Game Over For Sterling

By Chris Hoenig


Just three months after his racist comments were made public, Donald Sterling’s days as the owner of the Los Angeles Clippers are coming to an end.

In a courthouse just two miles from the Clippers’ home arena, a Superior Court judge ruled on Monday that Sterling’s wife, Shelly Sterling, had the authority to remove the 80-year-old as a co-signee of the trust that owned the team and to negotiate the team’s $2 billion sale to former Microsoft executive Steve Ballmer.

“It was the best thing and the court system came through with whatever they thought was equitable and fair. I didn’t know which way it would go, I just tried to do the best thing for our family and for everybody else,” Shelly Sterling said. “This is going to be a good thing for the city, for the league for my family and for all of us. Come see the Clippers next year.”

Superior Court Judge Michael Levanas also ruled that the sale can go forward, regardless of any appeals from Sterling or his lawyers.

The ruling won’t be finalized until the judge files it in writing, which is expected by Aug. 13. Lawyers for Ballmer and Shelly Sterling say they expect the sale of the team to close by Aug. 15.

Donald Sterling claimed he was baited into telling his girlfriend not to bring Black people to Clippers games in a CNN interview—which also included a verbal attack against NBA legend Magic Johnson—but he signed a document allowing Shelly Sterling to negotiate a sale. He would later change his mind and try to dissolve the trust after Shelly Sterling reached an agreement with Ballmer.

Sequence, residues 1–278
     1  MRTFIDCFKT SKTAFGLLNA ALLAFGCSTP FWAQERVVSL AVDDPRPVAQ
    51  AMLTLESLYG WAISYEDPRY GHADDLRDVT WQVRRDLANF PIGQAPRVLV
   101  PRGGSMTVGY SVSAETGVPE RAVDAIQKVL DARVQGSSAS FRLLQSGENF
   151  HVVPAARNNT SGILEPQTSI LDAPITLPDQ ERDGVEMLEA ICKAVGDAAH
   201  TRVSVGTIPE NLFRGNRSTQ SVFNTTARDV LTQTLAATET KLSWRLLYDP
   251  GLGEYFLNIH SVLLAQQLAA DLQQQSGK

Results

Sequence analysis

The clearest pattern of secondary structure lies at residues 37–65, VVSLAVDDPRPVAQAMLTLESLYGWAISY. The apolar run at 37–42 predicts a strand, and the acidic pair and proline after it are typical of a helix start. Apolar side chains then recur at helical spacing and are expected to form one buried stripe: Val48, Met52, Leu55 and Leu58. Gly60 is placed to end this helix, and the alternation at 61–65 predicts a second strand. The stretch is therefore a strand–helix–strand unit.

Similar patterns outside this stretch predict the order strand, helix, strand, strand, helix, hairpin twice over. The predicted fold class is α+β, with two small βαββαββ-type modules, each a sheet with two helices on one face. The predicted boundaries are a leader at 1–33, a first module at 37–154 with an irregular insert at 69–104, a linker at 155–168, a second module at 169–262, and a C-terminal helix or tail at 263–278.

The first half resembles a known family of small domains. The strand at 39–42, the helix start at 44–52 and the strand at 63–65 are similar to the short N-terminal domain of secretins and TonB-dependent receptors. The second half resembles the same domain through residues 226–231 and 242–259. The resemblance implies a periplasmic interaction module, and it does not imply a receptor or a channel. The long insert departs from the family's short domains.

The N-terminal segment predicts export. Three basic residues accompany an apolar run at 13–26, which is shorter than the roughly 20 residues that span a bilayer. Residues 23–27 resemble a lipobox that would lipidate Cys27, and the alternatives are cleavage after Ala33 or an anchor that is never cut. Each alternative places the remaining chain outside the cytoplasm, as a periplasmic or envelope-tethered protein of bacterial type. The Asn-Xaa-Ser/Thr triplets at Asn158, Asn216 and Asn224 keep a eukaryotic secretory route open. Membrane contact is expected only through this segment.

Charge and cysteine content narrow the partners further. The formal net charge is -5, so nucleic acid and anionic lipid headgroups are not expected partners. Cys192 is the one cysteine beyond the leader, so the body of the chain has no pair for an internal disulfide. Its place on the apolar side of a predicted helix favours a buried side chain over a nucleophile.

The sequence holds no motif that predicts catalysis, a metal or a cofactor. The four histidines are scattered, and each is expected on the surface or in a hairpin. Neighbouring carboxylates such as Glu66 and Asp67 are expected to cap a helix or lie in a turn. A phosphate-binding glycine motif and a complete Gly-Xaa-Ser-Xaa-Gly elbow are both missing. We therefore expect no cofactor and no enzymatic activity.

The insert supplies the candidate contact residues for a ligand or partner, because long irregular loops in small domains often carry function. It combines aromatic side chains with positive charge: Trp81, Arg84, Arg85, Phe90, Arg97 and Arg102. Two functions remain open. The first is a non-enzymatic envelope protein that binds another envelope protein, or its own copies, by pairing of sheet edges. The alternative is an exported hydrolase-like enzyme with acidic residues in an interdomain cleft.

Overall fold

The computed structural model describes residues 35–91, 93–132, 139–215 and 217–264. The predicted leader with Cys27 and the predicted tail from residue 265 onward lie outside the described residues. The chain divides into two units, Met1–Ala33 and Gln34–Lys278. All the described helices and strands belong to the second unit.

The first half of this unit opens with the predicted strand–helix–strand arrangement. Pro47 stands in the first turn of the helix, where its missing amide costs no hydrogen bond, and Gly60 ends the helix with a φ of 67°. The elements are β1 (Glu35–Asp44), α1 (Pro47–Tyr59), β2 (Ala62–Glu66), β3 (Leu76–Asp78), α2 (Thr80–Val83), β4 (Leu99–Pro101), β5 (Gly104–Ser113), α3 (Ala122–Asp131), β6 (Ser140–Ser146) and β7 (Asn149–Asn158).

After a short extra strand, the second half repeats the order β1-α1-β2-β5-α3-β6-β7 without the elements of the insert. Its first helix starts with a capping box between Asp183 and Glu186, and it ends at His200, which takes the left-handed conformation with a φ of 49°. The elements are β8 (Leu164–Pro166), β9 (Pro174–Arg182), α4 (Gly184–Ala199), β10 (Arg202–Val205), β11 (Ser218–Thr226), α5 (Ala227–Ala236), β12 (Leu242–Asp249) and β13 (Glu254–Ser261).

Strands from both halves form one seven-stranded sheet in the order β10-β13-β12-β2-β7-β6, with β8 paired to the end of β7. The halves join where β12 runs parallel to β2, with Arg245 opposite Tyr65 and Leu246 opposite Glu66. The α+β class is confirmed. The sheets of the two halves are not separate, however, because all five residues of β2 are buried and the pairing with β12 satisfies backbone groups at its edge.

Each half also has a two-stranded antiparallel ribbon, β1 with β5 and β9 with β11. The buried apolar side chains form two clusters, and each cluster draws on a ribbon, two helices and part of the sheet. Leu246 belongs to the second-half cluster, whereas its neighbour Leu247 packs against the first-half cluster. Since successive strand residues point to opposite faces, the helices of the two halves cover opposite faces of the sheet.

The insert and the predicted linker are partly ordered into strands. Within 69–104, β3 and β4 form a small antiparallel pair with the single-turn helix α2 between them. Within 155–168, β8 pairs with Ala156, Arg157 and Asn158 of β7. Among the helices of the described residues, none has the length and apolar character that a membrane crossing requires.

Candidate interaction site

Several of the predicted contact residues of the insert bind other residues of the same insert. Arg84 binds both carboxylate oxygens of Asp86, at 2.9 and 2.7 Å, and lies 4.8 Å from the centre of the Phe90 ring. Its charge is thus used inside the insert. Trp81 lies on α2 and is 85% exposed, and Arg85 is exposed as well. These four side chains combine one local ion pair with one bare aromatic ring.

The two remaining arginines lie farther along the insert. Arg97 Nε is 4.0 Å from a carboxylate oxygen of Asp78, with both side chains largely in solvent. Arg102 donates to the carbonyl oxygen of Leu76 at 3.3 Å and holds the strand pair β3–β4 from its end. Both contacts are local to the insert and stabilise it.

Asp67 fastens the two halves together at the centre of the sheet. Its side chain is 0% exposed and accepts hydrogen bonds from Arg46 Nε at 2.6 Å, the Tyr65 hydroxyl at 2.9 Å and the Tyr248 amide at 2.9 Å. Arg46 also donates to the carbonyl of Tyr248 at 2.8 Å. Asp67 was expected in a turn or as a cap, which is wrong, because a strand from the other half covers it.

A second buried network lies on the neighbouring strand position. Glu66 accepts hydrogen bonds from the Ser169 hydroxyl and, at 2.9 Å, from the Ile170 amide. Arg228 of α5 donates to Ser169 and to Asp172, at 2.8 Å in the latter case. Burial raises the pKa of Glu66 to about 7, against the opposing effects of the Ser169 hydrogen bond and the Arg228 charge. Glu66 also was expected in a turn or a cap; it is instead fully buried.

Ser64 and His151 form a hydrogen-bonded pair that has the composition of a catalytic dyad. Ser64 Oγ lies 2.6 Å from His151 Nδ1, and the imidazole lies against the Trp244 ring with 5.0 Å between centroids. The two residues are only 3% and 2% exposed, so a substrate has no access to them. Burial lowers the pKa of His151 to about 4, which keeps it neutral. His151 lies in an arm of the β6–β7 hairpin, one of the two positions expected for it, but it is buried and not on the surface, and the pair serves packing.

Sterling was removed as a trustee after two independent neurologists diagnosed him with Alzheimer’s, ruling him mentally incompetent to serve as a signee. He argued that he was duped into the examinations and that the court didn’t have jurisdiction because the trust had been dissolved.

On the witness stand, Sterling, a real-estate investor who bought the team for $12 million in 1981, claimed he showed no signs of incompetence. His often combative testimony included a vow to “never, ever sell,” and he also called Shelly Sterling a “pig” when she approached him in court.

“It was tough,” Shelly Sterling said of the trial. “We do have love for each other. I hope it will all work out between us and it will. Everything will be good. It was very tough. All I want to do now is get some sleep. I haven’t slept in weeks.”

The trust’s chief financial officer testified that his boss’ decision to dissolve the trust had led banks to begin recalling loans. Darren Schield told the court that if the team was not sold, Sterling would have to sell $500 million worth of property to pay off the debts. Analysts said marketing that much property would likely destabilize the entire Los Angeles real-estate market.

“He didn’t take it too hard,” Bobby Samini, Donald Sterling’s attorney, said of his client, who wasn’t in court on Monday. “He just said, ‘Keep fighting,’ ”

Sterling has also filed a fraud lawsuit against the NBA, Comissioner Adam Silver and his wife, alleging the sale was a breach of contract. Terms of the sale protect the league from lawsuits, meaning even if Sterling wins, his own trust will have to pay any damages ordered against the league.

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